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Muscle Issue or Joint Problem?

Updated: Apr 1, 2023

In the performance horse world, joint injections are commonly used to address lameness issues. Most often when a horse has problems in his joints, the condition has developed over time rather than being caused by a sudden impact or slip. How, then, do these problems develop? The answer - and the key to prevention - is the muscles.

Muscles move the joints. Muscles are designed to work in relationship to one another: some muscles work as synergists, others in opposition. Synergistic muscles work together to accomplish a particular action. Opposing muscles balance one another, one activating while the other rests, to accomplish opposite actions. Healthy joints move freely in all of their intended directions, and this requires healthy muscles working in optimal relationship to one another.

When muscles are tight, weak, or not being used in a balanced relationship, they create irregular wear on the joints. Tight, contracted muscles compress the joint spaces, putting pressure on the synovial capsule; over time if the muscle problem continues, the bones may rub on each other creating further joint damage and pain. Weak muscles that aren’t up to the task demanded of them cause recruitment of other muscles to “get the job done.” And when muscles aren’t used in equal relationship to their opposing muscle group, there is uneven pressure/wear on the joints, causing them to wear down more quickly than under normal circumstances. Over the long run, inappropriate muscle activity damages the joints, leading to early breakdown.

Lack of movement is just as harmful as strenuous or repetitive movement. Muscle and joint problems develop (or are worsened) in horses with limited turnout. Muscles are supposed to contract and relax, shorten and lengthen - this keeps them supple, maintains range of motion, and assures proper circulation to carry nutrients into the muscle cells and waste products out. When muscles are not moving the way they are intended, the soft tissues start to harden. If you’ve eaten a Thanksgiving turkey, there is a perfect example of this: all those little “bones” in the drumstick are not bones! They are tendons which have turned into hardened material due to confinement (free-range turkeys do not have this). In nature, a horse moves predominantly in long straight lines - the joints and muscles all are organized to support this type of movement. In a stall, a horse cannot move the way his body was designed to - he cannot take even one stride without turning. This means that joints which are supposed to move as hinges (primary movement being flexion/extension), now are doing none of what they’re supposed to and lots of what they aren’t designed to (rotation and lateral flexion are the predominant directional forces on joints of stalled horses).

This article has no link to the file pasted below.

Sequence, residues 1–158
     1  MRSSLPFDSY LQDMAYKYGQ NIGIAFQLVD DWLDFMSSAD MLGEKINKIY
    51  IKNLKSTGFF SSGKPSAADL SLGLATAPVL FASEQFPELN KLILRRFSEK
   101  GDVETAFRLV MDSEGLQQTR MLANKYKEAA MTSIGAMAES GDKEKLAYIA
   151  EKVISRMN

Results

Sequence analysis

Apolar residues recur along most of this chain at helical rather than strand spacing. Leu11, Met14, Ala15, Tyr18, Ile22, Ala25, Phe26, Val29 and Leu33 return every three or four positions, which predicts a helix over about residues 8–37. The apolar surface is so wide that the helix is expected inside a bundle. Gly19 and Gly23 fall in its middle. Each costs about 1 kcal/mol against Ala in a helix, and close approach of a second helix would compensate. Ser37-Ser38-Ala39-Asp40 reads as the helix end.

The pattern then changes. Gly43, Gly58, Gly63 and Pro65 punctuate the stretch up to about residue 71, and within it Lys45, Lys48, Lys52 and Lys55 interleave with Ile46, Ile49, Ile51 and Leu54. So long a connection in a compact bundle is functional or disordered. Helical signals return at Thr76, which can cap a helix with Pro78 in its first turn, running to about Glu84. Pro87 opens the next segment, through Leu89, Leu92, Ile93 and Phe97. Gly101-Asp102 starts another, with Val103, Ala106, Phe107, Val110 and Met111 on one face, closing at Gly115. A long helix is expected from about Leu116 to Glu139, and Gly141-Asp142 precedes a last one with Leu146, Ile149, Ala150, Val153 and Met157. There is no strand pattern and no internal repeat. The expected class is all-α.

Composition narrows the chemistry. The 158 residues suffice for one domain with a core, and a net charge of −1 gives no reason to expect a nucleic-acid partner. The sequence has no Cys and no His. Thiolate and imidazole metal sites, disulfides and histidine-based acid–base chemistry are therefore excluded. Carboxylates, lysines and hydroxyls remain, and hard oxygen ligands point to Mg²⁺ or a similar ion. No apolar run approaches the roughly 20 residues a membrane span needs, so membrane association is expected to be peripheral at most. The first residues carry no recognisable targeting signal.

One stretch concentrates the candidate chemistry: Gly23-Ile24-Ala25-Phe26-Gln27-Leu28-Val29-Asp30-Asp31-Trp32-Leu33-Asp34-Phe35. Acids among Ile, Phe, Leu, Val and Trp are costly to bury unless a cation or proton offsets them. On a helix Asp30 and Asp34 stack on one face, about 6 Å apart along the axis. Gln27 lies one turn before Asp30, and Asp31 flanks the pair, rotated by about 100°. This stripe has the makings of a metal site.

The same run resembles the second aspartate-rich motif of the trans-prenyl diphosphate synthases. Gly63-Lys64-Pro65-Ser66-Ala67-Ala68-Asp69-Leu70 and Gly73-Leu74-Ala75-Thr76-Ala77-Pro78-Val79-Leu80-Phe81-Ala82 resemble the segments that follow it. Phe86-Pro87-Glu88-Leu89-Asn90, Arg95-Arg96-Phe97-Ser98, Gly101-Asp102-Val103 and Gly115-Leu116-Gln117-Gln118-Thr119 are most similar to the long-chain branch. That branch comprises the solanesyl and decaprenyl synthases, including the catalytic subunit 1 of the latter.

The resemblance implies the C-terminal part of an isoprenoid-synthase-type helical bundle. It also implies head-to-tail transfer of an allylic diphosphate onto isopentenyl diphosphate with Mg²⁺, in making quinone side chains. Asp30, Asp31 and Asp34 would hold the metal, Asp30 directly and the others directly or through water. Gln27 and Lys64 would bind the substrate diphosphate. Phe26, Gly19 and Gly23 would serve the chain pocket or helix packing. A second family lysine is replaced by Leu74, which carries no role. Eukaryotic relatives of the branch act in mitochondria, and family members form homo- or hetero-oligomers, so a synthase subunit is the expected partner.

Joint problems develop as a RESULT of muscular use patterns: inappropriate or lack of movement causing abnormal wear or stiffness in the joints. By the time joint problems show up, the muscle problems have been going on a long time. These are chronic issues, and do not change with joint injections and a week of light work. Once the damage has been done, joint injections may become necessary to relieve the symptoms of painful joints; however, they do not address the musculature, movement/use patterns, or confinement that cause the joint problem to begin with, nor do they do anything to alleviate muscle soreness. Horse owners are often dismayed to find that, after spending thousands of dollars on joint injections, their horse is still muscle sore or displaying signs of lameness during movement - because the causative factor has not been addressed.

To maintain healthy joints and prevent early breakdown, there are several important things you can do for your horse. 1. Turnout as much as possible so that your horse can move as his body is intended to. Even if he spends most of his day grazing, this is vastly different from being in a stall, and when he does move it will be in larger, straighter lines which are impossible for a stalled horse. 2. Have a qualified bodyworker work with your horse on a regular basis. A good therapist will not only help improve circulation to your horse’s muscles to help them stay healthy and supple, but identify areas of imbalance before they become bigger problems.

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